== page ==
*By: Dr. Francesc Puigvert Cobos, Grasse Zur Ingenieurgesellschaft mbH, Berlin / Germany
Strength, lightness, stiffness and durability are some of the reasons why Fibre Reinforced Polymers (FRPs) are increasingly being employed in many engineering sectors. As the research for new material configurations, the development of automated manufacturing techniques and the range of applications continue to rise, innovative and improved testing methodologies need to continuously be developed in order to optimise their analysis and design. Therefore, reliable testing methodologies which are able to take into account the complex material behaviour of composites are required.
Together with the tensile and compressive mechanical properties of composite materials, the in-plane shear properties also play an important role. In this case, the loading direction is not along the fibres and, therefore, the anisotropy of these materials is highlighted. The strength of the material decreases when the loading direction is shifted and, consequently, not only depends on the reinforcing fibres, but also on the interaction between the fibre/matrix. Regarding the determination of in-plane shear properties, several test methods are widely used. These generally include the Short Beam Shear (ASTM D 2344), the Iosipescu Shear (ASTM D 5379), the ±45° Tensile Shear (DIN EN 14129), the Torsional Tube Shear (ASTM D 5448), the Two- and Three-Rail Shear (ASTM D 4255), the V-Notched Rail Shear (ASTM D 7078).
The extensive variety of testing methods is due to the difficulty in determining the in-plane shear properties of composite materials by means of a pure and uniform shear distribution throughout the test specimen up to failure. Therefore, each methodology presents its own advantages and disadvantages.
Automotive manufactures are employing a wide range of new materials to reduce the weight of their vehicles and reduce emissions. These materials include new, high-strength steel and aluminum alloys, and a huge range of plastics and composites. Of these materials, continuous carbon fiber polymer composites offer the greatest potential for lightweight structures; however, there are many barriers to their widespread introduction.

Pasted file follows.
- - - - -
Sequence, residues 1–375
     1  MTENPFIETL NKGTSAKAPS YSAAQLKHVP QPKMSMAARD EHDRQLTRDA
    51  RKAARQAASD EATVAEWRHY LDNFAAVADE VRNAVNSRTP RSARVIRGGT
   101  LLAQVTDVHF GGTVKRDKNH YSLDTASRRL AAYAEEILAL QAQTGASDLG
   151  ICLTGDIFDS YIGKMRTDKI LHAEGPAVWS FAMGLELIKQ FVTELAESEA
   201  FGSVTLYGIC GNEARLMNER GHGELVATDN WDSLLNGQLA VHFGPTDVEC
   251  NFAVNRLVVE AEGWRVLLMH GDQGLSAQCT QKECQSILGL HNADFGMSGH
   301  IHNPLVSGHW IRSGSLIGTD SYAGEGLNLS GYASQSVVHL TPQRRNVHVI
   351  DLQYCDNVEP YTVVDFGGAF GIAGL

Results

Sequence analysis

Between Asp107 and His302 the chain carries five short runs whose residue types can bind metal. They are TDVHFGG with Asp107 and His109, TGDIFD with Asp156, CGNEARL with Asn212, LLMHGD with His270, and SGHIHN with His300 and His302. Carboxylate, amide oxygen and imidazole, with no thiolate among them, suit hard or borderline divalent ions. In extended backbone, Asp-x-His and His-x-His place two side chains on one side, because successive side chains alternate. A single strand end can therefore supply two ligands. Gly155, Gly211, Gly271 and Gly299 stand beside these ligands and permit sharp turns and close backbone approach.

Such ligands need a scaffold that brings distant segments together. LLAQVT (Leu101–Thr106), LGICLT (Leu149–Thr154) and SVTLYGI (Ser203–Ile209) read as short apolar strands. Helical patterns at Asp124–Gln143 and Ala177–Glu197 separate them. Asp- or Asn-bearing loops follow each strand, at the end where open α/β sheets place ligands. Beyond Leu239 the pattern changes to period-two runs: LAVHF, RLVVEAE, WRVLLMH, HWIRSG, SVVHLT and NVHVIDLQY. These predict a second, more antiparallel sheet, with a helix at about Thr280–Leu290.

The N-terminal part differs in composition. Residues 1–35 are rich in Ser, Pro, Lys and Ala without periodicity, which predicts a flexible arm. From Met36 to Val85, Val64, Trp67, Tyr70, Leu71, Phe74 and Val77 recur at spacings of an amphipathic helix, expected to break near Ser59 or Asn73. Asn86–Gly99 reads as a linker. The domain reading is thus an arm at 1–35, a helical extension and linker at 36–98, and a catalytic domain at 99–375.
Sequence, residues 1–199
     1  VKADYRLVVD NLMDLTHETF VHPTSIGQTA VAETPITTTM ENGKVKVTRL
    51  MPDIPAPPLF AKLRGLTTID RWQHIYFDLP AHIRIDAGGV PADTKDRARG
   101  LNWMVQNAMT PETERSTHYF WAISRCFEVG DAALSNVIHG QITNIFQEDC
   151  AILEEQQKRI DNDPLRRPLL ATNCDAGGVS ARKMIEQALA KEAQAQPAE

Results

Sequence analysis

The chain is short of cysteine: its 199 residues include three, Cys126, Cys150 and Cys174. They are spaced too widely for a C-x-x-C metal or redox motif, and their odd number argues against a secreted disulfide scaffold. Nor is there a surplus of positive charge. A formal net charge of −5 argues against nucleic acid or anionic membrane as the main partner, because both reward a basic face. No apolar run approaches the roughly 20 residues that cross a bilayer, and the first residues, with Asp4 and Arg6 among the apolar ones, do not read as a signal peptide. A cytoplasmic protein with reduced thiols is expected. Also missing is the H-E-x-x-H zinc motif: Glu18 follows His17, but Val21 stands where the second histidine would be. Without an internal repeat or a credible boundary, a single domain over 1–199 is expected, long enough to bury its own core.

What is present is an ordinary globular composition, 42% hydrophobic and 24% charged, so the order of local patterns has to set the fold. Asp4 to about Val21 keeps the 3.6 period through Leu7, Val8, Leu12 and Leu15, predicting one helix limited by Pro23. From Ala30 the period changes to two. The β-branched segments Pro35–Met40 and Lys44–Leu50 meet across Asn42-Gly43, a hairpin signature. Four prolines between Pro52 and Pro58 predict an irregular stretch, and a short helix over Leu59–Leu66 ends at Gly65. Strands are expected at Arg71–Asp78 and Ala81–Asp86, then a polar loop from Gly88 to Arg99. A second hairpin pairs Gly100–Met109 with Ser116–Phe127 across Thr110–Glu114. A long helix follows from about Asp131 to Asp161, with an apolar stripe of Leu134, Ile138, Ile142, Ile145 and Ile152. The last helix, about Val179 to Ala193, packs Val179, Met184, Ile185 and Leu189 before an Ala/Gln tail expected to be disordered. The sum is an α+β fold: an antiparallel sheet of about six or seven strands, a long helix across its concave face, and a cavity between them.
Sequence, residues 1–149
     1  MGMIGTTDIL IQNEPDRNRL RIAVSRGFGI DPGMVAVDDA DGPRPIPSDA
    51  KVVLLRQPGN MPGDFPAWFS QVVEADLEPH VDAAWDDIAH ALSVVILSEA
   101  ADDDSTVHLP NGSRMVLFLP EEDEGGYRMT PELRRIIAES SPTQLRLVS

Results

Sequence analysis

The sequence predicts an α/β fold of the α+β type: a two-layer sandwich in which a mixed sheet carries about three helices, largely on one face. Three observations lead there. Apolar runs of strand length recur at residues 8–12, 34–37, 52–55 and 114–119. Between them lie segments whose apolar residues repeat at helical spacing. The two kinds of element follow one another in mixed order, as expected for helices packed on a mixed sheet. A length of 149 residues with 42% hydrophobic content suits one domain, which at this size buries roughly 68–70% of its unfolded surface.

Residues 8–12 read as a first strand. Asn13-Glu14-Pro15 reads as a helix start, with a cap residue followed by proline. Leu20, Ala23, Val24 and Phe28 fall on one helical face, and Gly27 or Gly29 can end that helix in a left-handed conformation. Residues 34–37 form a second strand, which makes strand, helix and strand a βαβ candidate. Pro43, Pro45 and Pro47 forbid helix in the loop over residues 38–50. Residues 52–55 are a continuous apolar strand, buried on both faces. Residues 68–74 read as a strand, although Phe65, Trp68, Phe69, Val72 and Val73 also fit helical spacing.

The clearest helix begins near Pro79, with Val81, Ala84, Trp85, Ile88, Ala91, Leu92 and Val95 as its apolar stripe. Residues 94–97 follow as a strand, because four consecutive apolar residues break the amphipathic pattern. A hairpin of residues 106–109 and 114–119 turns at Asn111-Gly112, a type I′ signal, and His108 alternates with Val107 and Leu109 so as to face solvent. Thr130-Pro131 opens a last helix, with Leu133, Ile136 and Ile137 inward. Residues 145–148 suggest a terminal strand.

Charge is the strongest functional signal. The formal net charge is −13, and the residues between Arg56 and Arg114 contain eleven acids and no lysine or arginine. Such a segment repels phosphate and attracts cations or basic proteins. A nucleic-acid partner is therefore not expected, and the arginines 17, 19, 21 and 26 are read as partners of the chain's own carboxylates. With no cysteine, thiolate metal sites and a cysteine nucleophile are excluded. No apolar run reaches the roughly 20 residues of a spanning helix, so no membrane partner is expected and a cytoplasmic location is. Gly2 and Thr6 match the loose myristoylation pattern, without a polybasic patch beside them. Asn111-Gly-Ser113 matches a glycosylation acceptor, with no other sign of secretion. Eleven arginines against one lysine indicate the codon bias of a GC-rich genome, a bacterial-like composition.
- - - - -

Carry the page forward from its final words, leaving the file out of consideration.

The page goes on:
Currently the cost and process times of composites parts is significantly higher than traditional metals. This is being addressed by the development of new matrix materials and manufacturing processes. Recycling of composite materials is being addressed and progress is being made with new thermoplastic matrix composite materials, which are easier to recycle than thermoset matrix materials. Finally, the unique nature of composite materials presents designers and engineers with new challenges and the successful use of composite materials requires a thorough understanding of their mechanical properties.
Explore how DIC is best suited for testing composites in the automotive industry and testing medical devices for new product development.
European Conference on Composite Materials (ECCM17)Be sure to stop by our booth to speak with Andrea Calzolari, Peter Bailey, and Ian McEnteggart about your composite application questions! ECCM17 is taking place June 26-30th in Munich, Germany.
|5969 Testing System||ElectroPuls™ E1000||CEAST 9340 Drop Tower|
JEC Paris 2016
We had the pleasure of exhibiting at JEC Paris 2016, allowing us the chance to speak with customers from more than 30 countries!
This year, we demonstrated machines from our Electromechanical (Static), Dynamic, and CEAST product lines. Additionally, we spoke to attendees about Digital Image Correlation (DIC) Software that can be used with the Advanced Video Extensometer.
Downloadable White Papers
- Composites Gripping Guide
- Characterizing Complex Materials with Impact Testing
- A Review of Contacting Strain Measurement Techniques for Composites Laminate Testing
- The Effect of Frame Alignment on Tensile Test Data
- A Review of Current In-Plane Composites Compression Testing Methods & Standards
About Strain Measurement
Do You Struggle with Managing Too Many Test Standards?
As Featured In
- AM&P Magazine: Using Digital Image Correlation to Measure Full Field Strain
- Aerospace Manufacturing: Taking the Strain
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